In most states you have to be a child, pregnant or disabled to get Medicaid, but Obamacare expands Medicaid to almost everyone with incomes up or about $15,000 a year.
According to ThinkProgress.org, many of the states that are headed by Repubican governors have refused to allow Obamacare's Medicaid expansion in their state.
These states include: Texas, Georgia, Mississippi, South Carolina, Louisiana, Alabama, Tennessee, Oklahoma, and North Carolina.
The Republican governors did this legally, per the U.S. Supreme Court decision earlier this year, notes USA Today.
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This move hurts many low-income Americans, especially those with diabetes, which is widespread in the U.S.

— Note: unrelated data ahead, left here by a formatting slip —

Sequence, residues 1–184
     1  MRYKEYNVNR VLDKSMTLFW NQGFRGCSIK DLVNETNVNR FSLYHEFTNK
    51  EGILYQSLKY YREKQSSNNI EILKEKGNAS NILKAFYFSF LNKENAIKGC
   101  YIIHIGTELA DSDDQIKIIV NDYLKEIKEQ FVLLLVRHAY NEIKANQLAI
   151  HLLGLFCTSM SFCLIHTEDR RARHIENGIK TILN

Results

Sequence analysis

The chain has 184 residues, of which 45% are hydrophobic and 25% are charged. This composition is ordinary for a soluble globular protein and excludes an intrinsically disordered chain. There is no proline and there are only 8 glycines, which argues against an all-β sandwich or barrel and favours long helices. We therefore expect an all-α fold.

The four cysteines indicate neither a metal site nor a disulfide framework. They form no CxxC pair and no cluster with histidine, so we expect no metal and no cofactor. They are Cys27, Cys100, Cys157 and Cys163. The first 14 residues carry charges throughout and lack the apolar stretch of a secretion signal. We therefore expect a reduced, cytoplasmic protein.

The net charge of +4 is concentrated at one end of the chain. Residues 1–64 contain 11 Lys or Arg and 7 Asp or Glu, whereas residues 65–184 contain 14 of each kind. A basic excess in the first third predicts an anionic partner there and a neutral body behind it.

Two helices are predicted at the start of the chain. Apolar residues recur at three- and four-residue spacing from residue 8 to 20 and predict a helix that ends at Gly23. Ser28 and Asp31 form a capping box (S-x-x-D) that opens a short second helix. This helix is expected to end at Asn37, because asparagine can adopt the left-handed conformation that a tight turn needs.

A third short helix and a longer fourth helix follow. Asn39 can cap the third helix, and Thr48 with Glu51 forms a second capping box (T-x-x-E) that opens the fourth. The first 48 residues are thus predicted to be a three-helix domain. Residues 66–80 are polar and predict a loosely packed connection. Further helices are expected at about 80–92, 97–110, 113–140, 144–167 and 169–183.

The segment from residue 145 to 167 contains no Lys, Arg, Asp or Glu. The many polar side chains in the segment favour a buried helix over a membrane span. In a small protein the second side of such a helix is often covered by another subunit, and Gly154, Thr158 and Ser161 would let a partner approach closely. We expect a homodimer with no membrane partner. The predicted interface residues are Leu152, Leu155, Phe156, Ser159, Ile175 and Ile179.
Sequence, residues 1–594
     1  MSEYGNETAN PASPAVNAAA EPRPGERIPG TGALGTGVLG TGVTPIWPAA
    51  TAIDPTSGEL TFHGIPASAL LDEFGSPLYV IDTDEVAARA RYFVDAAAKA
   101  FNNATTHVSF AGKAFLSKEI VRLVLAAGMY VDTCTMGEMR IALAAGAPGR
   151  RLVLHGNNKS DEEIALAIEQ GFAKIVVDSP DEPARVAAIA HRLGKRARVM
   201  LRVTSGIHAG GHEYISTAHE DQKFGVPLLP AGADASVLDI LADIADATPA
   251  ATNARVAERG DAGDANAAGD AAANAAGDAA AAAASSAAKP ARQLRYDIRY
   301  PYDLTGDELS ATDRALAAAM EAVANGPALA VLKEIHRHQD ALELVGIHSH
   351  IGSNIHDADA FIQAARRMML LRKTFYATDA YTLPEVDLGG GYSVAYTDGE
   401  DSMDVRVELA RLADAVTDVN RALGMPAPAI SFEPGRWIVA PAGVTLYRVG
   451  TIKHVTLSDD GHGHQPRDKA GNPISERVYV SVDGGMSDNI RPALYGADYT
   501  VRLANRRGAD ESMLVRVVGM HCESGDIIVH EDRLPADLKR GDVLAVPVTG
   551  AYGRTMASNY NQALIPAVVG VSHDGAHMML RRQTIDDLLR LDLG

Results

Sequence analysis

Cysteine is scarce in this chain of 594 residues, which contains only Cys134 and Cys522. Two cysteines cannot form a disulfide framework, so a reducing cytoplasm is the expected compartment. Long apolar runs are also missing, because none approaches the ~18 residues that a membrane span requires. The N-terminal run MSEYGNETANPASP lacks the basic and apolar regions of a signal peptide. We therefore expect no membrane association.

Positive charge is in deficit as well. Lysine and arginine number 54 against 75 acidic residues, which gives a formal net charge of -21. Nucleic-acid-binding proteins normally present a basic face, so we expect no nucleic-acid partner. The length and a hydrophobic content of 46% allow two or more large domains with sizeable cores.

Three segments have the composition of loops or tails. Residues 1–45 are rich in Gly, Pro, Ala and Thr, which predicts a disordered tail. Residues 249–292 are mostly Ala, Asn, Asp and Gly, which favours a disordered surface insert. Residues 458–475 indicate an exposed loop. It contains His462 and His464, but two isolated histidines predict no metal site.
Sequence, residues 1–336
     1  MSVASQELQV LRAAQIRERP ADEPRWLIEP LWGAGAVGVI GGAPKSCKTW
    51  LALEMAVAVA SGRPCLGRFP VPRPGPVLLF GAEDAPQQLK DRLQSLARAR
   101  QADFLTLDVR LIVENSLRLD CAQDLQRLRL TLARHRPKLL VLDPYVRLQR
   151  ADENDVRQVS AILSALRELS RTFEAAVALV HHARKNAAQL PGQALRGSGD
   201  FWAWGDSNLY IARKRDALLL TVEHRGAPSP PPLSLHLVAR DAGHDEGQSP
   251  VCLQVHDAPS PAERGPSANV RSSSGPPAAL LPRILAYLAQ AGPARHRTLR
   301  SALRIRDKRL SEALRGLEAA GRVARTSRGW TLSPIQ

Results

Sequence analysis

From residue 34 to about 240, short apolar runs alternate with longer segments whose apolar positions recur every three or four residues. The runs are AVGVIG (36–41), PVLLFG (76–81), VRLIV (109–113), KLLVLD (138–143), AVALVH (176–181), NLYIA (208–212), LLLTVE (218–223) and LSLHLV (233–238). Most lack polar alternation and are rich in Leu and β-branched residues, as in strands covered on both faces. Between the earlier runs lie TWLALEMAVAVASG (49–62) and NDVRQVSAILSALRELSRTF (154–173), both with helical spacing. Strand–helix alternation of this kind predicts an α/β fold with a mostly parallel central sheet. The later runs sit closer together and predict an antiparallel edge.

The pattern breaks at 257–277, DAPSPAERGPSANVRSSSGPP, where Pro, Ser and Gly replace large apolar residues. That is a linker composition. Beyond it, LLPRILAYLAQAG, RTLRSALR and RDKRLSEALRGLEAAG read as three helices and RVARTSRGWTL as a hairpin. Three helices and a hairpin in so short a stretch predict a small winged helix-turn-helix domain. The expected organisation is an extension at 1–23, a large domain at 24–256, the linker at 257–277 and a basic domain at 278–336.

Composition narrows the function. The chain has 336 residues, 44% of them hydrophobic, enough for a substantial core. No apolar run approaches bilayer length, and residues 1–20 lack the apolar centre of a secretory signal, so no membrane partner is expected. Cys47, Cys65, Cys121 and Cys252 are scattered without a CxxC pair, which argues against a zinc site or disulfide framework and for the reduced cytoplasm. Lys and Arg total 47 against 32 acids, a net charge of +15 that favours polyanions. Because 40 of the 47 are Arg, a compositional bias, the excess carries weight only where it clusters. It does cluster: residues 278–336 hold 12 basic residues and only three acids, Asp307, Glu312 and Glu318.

The American Diabetes Association website states:
Nearly 26 million children and adults in the United States have diabetes. Another 79 million Americans have prediabetes and are at risk for developing type 2 diabetes. The American Diabetes Association estimates that the total national cost of diagnosed diabetes in the United States is $245 billion.
The importance of Medicaid for low-income people with diabetes was reported in a Kaiser Family Foundation study:
Diabetes disproportionately affects low-income populations. As the nation’s primary health insurance program for low-income people, Medicaid plays a key role in financing care for diabetes: Adults with diabetes are disproportionately covered by Medicaid.